By the bioMérieux Connection Editors
In addition to promoting antibiotic resistance, a recent study illustrates how giving antibiotics to patients with asthma exacerbation without any documented indication of lung infection can lengthen hospital stay, increase cost of care and result in increased risk for antibiotic-related diarrhea.
According to the researchers, this study is the largest observational comparative effectiveness study to date of patients hospitalized with asthma exacerbation. The researchers reviewed medical records of those hospitalized for asthma from 554 hospitals in the U.S. over a 2-year period.
Patients with secondary conditions that might justify antibiotic use (sinus infection, pneumonia, bronchitis, emphysema, sepsis, and any other condition that should be treated with antibiotics) were excluded. The study population included 22,043 patients, which represents 46 percent of all hospitalized asthma patients over the study time period, who were treated with antibiotics with 48 hours of admission.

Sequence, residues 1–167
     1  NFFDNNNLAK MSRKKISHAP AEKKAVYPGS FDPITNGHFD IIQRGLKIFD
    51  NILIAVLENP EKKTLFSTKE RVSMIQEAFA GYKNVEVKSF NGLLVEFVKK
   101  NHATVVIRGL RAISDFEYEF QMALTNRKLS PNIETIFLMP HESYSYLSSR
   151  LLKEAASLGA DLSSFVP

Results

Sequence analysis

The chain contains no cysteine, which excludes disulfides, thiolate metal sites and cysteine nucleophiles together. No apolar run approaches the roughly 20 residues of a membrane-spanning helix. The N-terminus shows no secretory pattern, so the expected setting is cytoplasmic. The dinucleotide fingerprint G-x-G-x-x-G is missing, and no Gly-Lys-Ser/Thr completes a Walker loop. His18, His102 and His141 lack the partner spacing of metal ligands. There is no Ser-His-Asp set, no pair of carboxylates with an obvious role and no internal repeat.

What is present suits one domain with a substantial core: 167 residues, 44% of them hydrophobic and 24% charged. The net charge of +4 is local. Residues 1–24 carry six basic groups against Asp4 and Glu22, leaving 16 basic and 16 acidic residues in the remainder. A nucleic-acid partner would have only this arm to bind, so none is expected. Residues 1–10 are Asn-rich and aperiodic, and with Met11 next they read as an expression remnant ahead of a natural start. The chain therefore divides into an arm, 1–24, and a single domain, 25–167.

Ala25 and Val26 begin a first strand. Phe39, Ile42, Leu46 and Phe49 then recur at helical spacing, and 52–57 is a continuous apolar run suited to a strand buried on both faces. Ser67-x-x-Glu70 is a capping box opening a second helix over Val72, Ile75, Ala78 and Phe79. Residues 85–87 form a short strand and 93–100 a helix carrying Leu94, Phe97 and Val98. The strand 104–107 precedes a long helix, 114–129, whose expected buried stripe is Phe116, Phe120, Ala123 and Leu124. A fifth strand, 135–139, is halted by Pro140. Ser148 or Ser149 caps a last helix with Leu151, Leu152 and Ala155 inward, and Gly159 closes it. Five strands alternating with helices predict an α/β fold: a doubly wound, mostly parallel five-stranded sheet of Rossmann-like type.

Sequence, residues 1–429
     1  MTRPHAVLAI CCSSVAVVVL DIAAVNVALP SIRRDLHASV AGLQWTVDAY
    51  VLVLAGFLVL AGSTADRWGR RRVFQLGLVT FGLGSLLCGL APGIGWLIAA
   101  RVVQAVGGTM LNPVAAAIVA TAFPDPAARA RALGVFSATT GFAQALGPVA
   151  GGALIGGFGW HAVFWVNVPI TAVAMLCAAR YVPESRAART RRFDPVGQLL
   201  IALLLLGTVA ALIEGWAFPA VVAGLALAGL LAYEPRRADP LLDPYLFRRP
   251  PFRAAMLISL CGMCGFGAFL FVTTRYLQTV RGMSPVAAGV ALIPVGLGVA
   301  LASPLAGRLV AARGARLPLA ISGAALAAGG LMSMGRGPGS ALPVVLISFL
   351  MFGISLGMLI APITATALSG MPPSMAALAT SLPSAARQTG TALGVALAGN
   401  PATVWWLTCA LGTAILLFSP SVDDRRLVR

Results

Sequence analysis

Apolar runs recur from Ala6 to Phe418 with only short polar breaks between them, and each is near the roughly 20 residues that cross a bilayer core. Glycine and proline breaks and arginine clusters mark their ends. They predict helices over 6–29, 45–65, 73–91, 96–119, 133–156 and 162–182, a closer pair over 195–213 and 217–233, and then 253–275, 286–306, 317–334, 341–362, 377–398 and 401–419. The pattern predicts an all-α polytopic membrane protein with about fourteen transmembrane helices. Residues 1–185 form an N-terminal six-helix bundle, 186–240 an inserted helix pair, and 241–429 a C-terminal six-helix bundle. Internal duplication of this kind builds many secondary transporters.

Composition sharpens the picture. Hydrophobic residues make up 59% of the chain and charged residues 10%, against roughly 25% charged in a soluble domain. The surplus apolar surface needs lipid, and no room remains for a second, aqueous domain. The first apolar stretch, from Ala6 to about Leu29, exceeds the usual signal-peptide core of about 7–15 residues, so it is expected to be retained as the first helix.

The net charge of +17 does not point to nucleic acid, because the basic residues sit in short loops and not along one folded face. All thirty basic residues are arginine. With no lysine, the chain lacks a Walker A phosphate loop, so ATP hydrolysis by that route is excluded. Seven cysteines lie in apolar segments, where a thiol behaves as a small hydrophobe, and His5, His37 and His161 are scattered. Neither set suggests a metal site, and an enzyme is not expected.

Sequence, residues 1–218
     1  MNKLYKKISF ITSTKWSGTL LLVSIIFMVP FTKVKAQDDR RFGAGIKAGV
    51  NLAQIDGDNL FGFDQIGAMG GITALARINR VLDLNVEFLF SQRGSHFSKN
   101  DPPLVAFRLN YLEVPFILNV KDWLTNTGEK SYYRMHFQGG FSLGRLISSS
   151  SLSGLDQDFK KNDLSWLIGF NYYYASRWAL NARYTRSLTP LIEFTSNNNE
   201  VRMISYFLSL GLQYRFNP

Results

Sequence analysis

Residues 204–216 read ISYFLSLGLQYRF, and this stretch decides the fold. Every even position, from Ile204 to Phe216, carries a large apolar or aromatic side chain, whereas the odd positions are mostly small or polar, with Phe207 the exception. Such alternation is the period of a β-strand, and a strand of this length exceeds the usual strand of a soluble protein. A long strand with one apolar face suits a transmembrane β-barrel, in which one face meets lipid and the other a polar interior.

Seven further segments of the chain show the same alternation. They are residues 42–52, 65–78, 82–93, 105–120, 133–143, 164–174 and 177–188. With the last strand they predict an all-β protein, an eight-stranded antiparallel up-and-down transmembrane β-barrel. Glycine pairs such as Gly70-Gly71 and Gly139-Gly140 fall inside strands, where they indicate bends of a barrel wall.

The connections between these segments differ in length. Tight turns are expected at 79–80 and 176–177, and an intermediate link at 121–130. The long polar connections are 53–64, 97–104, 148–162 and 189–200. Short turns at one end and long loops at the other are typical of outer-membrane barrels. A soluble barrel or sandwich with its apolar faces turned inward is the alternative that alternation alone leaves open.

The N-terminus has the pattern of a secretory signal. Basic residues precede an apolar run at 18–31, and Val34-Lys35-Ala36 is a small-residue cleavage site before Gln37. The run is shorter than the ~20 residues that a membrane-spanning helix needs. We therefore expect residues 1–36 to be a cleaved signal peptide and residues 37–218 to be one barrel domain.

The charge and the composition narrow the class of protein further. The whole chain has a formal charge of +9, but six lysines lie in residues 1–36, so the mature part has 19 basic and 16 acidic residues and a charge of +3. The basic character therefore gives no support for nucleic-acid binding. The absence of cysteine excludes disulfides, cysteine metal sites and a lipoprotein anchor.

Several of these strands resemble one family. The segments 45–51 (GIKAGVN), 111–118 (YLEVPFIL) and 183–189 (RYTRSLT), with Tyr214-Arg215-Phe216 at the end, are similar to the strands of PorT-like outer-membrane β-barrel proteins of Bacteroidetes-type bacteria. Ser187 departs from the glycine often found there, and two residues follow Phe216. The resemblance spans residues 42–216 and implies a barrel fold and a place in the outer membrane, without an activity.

Specifically, the group of hospitalized asthma patients who received antibiotics versus those who did not had:
- Extended hospital stays (4.64 vs 3.4 days)
- Higher hospitalization costs ($6,427 vs. $5,387)
- Suffered a far greater risk of antibiotic-related diarrhea (55 percent higher risk vs those not treated with antibiotics)
Furthermore, there was no difference in treatment failure when the researchers looked at those treated with antibiotics and those who were not. For this study, treatment failure included:
- Initiation of mechanical ventilation
- Transfer to the intensive care unit as of the second day of admission
- Readmission for asthma exacerbation within 30 days of discharge
- In-hospital mortality
The researchers concluded that, “These findings suggest a significant opportunity to improve patient safety, reduce the spread of resistance, and lower spending through greater adherence to guideline recommendations. We hope these results prompt hospital-based clinicians to examine local treatment patterns, and attract the attention of professional societies and government agencies charged with promoting antimicrobial stewardship.”
Opinions expressed in this article are not necessarily those of bioMérieux, Inc.